On the exterior we remove the siding on the front of the garage and installed new hardboard siding that matched the original on the building. Electrically we removed and relocated existing lights and added a ceiling fan as well as recessed lighting. Some additional outlets and network wiring was installed then connected to the home and panel box. The interior was insulated in areas such as the ceiling, stairwell and miscellaneous sections of the walls. We laminated (overlay) the existing sheetrock with 3/8″ wallboard on the sidewalls and stairwell and 1/2″ for the ceiling.

And you really need your investments protected, but you just don’t have the funds to build some of these other options. Well, don’t give up hope. This video shows you how to build a pretty decent structure that will do what you need it to do for basically no money. And honestly, if you have the materials on hand it could actually be built for free.
Determine needs vs wants: There is always a difference between what you WANT in your garage, and what you NEED. While you may want a high end entertainment complex, do you need it? Before you begin your project sit down and make a list of needs, and wants. By creating a prioritized list you keep yourself from overspending. Once you have your needs addressed, throw in a few wants.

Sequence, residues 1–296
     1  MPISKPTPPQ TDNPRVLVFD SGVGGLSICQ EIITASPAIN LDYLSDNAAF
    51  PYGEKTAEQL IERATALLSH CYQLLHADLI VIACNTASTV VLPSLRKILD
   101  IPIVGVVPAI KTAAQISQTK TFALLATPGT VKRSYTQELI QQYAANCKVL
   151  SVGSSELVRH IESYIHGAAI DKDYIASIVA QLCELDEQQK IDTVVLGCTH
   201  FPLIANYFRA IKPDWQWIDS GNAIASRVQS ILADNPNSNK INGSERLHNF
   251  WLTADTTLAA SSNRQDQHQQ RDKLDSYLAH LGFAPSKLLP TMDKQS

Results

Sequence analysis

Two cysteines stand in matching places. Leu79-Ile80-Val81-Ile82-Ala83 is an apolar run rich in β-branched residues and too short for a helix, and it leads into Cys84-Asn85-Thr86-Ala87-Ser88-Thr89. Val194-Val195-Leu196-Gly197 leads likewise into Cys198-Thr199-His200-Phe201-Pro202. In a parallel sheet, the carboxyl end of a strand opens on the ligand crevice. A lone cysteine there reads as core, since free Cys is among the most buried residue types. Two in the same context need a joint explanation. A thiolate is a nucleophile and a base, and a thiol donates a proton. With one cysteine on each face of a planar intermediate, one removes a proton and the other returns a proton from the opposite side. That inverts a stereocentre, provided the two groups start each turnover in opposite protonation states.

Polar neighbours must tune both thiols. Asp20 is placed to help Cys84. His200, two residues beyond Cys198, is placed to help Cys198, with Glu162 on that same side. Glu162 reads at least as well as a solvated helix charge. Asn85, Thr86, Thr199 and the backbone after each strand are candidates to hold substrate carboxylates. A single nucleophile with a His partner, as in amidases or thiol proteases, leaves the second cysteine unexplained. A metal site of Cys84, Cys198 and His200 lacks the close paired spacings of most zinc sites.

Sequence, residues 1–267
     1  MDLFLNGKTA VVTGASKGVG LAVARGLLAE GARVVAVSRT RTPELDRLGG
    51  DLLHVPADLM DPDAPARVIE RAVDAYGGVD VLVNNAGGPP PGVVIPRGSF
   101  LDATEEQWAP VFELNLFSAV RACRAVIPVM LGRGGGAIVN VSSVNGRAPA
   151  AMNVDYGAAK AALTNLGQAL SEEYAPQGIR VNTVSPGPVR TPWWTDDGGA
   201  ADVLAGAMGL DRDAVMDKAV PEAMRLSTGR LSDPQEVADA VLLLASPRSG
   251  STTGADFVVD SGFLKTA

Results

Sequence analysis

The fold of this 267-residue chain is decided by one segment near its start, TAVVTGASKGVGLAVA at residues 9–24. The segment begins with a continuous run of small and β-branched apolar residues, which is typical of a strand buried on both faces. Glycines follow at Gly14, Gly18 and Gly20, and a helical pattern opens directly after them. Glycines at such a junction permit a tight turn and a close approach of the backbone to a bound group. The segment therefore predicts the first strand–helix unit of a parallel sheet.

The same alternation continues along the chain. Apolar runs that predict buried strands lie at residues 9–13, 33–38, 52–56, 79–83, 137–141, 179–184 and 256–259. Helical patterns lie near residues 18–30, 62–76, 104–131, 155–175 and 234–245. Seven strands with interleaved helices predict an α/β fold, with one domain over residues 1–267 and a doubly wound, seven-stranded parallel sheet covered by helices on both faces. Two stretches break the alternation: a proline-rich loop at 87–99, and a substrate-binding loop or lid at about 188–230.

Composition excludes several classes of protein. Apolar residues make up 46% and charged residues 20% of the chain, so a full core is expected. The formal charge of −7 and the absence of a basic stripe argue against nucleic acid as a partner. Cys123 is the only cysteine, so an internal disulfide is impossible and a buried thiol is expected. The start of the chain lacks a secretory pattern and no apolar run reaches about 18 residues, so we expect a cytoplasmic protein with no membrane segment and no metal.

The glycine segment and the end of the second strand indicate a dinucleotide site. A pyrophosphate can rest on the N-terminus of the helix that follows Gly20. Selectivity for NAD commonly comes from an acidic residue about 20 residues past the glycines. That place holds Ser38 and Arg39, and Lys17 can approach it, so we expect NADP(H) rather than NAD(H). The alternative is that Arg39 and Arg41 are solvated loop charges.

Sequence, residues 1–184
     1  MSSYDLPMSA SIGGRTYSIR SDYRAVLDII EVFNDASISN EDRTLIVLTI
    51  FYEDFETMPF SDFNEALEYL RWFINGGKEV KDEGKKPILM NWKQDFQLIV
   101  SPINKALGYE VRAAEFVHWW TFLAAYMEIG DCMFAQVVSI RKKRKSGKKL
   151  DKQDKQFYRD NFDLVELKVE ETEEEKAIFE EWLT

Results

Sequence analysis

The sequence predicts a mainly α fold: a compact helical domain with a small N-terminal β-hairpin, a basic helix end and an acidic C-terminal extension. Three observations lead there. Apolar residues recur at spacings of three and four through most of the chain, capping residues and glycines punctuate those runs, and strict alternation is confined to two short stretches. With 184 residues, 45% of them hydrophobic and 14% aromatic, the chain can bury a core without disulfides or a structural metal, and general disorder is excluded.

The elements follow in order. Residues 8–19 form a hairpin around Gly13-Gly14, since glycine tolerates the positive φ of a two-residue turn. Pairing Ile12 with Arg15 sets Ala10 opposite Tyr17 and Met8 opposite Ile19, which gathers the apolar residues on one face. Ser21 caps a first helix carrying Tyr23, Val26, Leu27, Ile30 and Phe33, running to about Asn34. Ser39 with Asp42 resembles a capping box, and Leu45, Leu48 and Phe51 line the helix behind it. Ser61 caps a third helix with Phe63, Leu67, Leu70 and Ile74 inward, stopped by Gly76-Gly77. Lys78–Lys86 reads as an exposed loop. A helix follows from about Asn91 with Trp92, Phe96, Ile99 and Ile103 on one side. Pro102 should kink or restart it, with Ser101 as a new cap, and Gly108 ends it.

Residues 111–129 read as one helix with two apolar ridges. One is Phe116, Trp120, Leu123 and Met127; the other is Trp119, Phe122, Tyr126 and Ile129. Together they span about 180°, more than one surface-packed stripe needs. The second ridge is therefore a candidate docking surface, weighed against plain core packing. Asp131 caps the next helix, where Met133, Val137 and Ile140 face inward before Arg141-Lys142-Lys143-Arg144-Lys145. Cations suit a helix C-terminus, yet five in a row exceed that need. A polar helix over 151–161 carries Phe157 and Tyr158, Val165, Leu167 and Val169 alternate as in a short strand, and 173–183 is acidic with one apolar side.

Forty-something years later, Michael still doesn't' know what he wants to do if he grows up. Raised around cars and trained in diesel mechanics, Michael has owned a successful detail shop, developed and sold software, led a K-9 SAR team, ridden the dot-com wave as a marketing & PR executive, led digital strategy teams at both large and small agencies, and now this. He digs Jeeps, off-road racing, football, photography, writing, making EDM, cranking metal, PC gaming, and a plethora of other contradictory things.
When it comes to design, nothing provides more a boost than the actual garage door. Not only can they match the architecture of your home, but they come in a wide range of sizes, styles and components. Chances are, you already have a garage door, but years of opening and closing, along with general wear and tear, can bring about a fair share of issues.
For a garage-to-utility-room conversion, budget at least $6,000 for appliances, a utility sink, and space for sorting, folding and hanging laundry. A new utility room in place of an old garage brings convenience into your life, especially if you've spent years dragging loads of laundry up and down the stairs. This conversion will cost a bit more due to the addition of plumbing, but it'll be worth it.
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